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The Fairy Tales of Charles Perrault

The Ludicrous Wishes
(aka The Ridiculous Wishes)

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THERE was once a poor woodcutter who, tired of his hard life, longed for rest in the world to come. In his unhappiness, he declared that in all his days heaven had not granted even one of his wishes.

One day in the woods, as the woodcutter was complaining of his unhappy lot, Jupiter appeared before him, his thunderbolts in his hands. It would be difficult to picture the terror of the poor man.

"I desire nothing," he said, casting himself on the ground. I will give up my wishes if you, in turn, will give up your thunder. That's a fair exchange!"

"Have no fear," said Jupiter. "I have heard your complaints and I have come to show you how unfairly you judge me. Now listen! I am king of all the world and I promise to grant your first three wishes, no matter what they may be. See that they make you happy and content; and since your happiness depends on them, think carefully before you make them."

With these words, Jupiter returned to his heavens and the happy woodcutter, taking up his bundle of sticks, hurried to his home. Never had his burden seemed so light.

"This is an important matter," he said to himself. ''I certainly must have my wife's advice."

"Hey, Fanchon," he shouted, as he entered his cottage. "Let us up a good fire. We are rich for the rest of our lives. All we have to do is to make three wishes!"

With this, he told his wife what had happened, whereupon she in her imagination began to form a thousand plans. But realizing the importance of acting prudently, she said to her husband, "Blaise, my dear, let us not spoil anything by our impatience. We must think things over very carefully. Let us put off our first wish until tomorrow. Let us sleep on it."

"I think you are right," said he. "But first go draw some of that special wine."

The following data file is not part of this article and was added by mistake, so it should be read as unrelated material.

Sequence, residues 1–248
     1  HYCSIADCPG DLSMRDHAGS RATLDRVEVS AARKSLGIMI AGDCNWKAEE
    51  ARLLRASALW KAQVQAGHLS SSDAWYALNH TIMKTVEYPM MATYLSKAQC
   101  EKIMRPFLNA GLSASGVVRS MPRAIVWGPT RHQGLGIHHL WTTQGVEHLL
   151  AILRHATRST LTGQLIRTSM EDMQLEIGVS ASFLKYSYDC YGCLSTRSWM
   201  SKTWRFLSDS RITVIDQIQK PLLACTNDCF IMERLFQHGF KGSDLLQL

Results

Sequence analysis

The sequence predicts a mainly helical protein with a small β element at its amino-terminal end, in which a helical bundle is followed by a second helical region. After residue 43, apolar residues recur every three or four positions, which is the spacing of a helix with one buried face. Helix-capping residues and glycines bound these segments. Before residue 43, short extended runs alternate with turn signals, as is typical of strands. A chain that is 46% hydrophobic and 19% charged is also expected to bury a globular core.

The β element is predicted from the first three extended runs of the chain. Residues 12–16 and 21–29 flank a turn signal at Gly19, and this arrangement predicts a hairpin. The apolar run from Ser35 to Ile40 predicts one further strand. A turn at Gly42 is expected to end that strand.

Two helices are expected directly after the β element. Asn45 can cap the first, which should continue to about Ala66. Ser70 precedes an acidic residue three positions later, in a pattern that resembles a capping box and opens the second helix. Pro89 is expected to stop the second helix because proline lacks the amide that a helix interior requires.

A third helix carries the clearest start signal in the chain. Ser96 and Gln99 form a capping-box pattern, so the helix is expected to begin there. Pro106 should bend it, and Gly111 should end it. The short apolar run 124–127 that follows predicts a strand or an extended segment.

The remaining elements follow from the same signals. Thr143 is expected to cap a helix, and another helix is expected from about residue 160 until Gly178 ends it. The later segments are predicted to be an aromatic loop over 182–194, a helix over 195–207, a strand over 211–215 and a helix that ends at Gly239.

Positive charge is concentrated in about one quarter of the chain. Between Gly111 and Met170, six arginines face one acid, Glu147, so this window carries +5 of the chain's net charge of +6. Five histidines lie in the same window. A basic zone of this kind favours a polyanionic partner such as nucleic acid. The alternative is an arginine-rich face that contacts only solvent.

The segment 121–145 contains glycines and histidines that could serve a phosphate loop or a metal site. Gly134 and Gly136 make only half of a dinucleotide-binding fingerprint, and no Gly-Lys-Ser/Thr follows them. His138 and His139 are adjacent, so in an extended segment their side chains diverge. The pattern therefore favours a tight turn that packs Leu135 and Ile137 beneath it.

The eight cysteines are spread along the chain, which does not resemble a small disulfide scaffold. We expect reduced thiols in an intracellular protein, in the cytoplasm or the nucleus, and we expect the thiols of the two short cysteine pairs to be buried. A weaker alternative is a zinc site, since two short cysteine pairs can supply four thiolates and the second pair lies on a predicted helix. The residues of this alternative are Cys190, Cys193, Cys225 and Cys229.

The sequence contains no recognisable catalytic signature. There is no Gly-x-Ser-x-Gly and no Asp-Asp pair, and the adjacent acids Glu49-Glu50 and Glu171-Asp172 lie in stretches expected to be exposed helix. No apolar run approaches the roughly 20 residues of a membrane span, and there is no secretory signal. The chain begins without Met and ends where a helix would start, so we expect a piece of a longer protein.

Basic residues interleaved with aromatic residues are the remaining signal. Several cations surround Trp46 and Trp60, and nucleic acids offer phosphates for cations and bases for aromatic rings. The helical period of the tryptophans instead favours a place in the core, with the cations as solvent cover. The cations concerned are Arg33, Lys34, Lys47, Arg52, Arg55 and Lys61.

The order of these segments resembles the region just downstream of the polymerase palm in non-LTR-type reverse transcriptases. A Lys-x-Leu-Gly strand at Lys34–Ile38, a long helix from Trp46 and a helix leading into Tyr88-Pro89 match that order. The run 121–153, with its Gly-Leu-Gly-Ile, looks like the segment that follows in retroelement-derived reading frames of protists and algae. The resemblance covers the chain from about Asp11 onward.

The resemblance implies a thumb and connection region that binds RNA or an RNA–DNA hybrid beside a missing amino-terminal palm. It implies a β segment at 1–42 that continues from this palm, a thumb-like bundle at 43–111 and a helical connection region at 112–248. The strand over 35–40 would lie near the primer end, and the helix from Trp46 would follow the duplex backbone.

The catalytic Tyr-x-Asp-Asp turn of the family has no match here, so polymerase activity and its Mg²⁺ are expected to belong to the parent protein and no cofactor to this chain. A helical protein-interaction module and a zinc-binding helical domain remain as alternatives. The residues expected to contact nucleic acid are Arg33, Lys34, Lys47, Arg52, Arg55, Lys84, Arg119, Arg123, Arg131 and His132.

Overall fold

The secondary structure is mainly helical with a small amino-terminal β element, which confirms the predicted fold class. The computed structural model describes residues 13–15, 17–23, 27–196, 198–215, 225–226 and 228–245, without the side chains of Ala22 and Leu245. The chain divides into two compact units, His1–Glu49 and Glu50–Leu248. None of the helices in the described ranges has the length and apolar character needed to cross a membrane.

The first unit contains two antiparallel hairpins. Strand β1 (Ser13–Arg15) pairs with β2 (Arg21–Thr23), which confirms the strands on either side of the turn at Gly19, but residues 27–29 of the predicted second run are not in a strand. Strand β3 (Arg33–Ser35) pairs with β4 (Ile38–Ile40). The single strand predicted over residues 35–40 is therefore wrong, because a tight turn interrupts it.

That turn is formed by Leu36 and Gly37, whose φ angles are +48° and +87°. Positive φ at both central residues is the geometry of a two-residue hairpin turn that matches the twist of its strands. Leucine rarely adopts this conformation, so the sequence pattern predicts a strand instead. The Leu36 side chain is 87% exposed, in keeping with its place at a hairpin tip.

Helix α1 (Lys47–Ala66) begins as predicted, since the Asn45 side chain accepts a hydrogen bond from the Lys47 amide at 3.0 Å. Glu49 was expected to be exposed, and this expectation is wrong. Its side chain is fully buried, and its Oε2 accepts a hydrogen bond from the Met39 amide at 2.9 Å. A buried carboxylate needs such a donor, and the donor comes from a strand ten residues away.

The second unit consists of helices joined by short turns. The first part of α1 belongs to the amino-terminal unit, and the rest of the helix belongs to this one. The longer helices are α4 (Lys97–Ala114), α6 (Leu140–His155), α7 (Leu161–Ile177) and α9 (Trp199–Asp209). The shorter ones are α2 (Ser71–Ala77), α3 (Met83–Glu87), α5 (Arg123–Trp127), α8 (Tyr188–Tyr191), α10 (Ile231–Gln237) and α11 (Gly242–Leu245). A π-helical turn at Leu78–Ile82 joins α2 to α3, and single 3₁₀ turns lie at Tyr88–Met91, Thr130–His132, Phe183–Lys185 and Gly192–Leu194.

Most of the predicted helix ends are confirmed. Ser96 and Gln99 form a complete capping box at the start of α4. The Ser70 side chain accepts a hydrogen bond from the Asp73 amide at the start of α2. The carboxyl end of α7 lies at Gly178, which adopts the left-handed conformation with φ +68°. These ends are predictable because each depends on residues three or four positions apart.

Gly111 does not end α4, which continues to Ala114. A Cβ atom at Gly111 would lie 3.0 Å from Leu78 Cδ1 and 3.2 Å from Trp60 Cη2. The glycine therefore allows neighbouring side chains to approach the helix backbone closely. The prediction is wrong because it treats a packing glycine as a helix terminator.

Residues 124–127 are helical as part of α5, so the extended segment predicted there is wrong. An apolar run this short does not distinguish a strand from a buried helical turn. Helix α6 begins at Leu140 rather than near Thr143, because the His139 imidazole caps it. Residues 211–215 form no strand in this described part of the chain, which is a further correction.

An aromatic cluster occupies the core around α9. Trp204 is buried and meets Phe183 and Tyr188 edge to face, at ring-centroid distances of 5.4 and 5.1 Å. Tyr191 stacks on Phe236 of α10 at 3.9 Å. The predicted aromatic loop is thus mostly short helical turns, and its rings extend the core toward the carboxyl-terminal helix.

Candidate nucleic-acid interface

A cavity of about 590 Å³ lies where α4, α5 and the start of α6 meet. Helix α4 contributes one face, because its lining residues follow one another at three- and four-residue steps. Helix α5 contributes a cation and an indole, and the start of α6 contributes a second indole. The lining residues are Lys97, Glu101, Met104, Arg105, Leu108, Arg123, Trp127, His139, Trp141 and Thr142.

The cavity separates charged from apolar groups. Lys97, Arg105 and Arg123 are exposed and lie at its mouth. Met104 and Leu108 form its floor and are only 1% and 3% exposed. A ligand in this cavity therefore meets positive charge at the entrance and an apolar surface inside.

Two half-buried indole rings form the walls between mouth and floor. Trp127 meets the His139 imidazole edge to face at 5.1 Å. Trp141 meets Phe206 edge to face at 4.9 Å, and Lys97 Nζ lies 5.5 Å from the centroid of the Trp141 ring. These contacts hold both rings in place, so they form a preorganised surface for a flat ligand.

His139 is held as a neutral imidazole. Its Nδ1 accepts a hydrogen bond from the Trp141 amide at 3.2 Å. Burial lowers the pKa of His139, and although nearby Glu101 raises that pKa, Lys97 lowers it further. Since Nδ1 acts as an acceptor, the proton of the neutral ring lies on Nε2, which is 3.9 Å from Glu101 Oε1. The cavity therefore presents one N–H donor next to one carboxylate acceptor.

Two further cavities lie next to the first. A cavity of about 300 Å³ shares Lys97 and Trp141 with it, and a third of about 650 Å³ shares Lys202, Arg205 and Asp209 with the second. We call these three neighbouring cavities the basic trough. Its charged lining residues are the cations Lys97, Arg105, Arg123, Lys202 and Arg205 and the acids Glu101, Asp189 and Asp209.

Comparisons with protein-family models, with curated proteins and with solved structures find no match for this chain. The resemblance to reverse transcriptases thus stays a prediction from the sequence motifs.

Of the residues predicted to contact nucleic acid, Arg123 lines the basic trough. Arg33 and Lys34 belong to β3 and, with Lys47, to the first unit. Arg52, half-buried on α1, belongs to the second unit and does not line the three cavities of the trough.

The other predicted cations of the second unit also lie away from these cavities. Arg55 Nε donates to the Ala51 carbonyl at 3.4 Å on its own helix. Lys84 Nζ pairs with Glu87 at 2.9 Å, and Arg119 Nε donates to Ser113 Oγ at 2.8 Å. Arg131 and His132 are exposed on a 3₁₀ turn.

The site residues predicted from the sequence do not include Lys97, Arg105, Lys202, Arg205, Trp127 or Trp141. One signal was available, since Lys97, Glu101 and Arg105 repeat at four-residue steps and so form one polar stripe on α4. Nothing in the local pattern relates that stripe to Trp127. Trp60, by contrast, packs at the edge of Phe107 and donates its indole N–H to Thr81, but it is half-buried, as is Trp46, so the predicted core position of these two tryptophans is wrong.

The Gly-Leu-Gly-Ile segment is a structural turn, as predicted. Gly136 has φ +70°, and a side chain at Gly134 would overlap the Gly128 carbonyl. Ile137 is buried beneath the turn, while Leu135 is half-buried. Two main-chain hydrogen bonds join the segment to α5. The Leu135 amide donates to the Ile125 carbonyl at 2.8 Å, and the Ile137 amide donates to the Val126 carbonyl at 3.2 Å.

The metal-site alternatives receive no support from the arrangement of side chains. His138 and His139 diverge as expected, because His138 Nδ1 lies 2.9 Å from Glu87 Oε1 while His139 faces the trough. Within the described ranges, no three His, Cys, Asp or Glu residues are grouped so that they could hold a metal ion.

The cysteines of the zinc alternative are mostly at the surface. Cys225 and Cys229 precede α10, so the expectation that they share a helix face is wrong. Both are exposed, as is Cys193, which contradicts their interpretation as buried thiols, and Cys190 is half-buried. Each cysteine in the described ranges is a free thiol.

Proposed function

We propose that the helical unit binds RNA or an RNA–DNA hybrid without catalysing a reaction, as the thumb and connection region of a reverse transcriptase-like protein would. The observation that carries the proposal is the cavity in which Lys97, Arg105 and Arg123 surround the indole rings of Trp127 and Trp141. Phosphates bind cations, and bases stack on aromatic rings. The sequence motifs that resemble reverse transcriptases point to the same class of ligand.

On her return, the woodcutter drank deeply and leaned back in his chair before the fire. "To match such a fine blaze," he said, "I wish we had a measure of sausage. It would go very well indeed!"

Scarcely had he spoken these words when his wife, to her great astonishment, saw a long link of sausage moving over to them like a snake from the chimney corner. She cried out in alarm, but realizing at once that this was the result of the wish which her foolish husband had made, she began to abuse and scold him angrily.

"When you might," she said, "have a kingdom, with gold, pearls, rubies, diamonds, fine clothes; and all you wish for is a sausage!"

"Alas," her husband replied. "I was wrong, I made a very bad choice. I admit my mistake. Next time I will do better."

"Yes! Yes!" said his wife. "I'll repeat it till Doomsday. To make such a choice as you did, you must be a donkey."

At this the husband became very angry and almost wished his wife was dead. "Mankind," he said, "is born to suffer. A curse on this and all sausages. I wish that it was hanging from the end of your nose!"

The wish was heard at once in heaven, and the sausage fastened itself on her nose. Fanchon had once been pretty, and, -- to tell the truth -- this ornament did not have a very pleasing effect. Since it hung down over her face, however, it interfered with her talking, and this was such an advantage to her husband that he did not think he had wished too badly.

"With my remaining wish I could very well still make myself a king," he said to himself. "But we must think of the queen, too, and her unhappiness if she were to sit on the throne with her new yard-long nose. She must decide which she wants, to be a queen with that nose or a woodcutter's wife and an ordinary person."

Whereupon his wife agreed that they had no choice. She would never have the riches and diamonds and fine clothes she had dreamed of, but she would be herself again if the last wish would free her from the frightful sausage on her nose.

And so the woodcutter did not change his lot. He did not become a king. His purse was not filled with gold. He was only too glad to use his remaining wish in restoring his poor wife to her former state.

Perrault, Charles. Old-Time Stories told by Master Charles Perrault. A. E. Johnson, translator. New York: Dodd Mead and Company, 1921.
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Page created 1/15/05; Last updated 10/24/07